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Harvard's Root robot teaches kids how to code

Harvard's Root robot teaches kids how to code

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In order to build new human children who can compete in tomorrow's post-work world, we must teach kids to code. Everyone agrees, even Obama. Unfortunately, coding is hard and often abstract. To that end, some researchers at Harvard's Wyss Institute have built Root, a robot that "brings coding to life."

Root is an app-ified update of the classic Turtle robot design: a Roomba-shaped bot that follows simple programs to crawl around the floor, draw crazy patterns, and avoid obstacles. What Root adds to that classic formula is a plethora of sensors — including sound and color sensitivity, and your mobile device's own sensors. It's also based on the new Scratch-like Square programming environment that runs on an iPad and is designed to transition kids from drag-and-drop coding to classic text-based coding. Root can also cling to a vertical whiteboard and draw with a dry erase marker, making it perfect for classrooms.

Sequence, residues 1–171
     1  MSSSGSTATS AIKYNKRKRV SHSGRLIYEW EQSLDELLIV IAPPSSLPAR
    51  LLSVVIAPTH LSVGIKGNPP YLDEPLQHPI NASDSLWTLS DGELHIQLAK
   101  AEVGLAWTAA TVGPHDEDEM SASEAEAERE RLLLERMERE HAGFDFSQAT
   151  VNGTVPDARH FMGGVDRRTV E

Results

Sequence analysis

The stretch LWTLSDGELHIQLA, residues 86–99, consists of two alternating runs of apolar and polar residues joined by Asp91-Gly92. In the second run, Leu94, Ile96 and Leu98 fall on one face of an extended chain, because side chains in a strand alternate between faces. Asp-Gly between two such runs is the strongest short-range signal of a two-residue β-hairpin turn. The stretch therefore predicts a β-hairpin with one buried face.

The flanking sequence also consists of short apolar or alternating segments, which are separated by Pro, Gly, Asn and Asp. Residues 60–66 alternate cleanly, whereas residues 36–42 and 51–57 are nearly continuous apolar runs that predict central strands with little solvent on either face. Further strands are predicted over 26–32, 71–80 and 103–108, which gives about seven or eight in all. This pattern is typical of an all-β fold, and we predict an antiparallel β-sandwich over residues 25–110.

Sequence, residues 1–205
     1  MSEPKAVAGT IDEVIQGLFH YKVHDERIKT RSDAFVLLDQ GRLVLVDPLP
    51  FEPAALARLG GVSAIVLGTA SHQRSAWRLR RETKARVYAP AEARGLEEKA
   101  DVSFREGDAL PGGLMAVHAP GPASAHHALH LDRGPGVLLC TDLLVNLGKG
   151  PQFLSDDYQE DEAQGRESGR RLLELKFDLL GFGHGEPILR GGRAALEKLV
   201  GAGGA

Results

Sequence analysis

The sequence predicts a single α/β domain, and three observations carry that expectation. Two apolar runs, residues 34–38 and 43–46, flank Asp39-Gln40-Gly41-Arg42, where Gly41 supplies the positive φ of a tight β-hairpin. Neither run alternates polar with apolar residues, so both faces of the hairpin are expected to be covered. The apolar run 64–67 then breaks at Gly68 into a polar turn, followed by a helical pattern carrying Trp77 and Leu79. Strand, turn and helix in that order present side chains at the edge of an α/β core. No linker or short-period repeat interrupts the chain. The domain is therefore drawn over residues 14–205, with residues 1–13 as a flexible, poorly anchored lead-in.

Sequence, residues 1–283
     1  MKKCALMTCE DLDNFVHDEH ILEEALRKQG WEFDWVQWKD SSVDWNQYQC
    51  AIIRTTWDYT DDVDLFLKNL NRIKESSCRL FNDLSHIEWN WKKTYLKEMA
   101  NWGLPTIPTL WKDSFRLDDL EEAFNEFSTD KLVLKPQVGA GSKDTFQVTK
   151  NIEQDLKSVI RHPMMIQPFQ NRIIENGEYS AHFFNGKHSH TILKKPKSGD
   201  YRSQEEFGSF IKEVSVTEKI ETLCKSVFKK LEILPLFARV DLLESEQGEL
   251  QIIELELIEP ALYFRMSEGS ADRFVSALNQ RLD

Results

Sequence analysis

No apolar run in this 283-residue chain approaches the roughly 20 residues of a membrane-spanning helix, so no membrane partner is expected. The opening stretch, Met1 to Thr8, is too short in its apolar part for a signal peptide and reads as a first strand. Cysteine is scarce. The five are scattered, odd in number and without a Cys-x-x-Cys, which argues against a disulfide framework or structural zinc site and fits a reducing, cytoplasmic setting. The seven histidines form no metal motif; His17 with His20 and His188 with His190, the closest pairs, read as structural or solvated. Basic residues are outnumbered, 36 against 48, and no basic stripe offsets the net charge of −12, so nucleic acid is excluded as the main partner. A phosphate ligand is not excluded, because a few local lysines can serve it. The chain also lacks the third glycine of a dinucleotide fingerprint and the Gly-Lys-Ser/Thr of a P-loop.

Root is still a research project, so there's no info on when you can buy one for your own human child. Currently the researchers are working on a curriculum for Root and "seeking the right partners" to make Root a reality.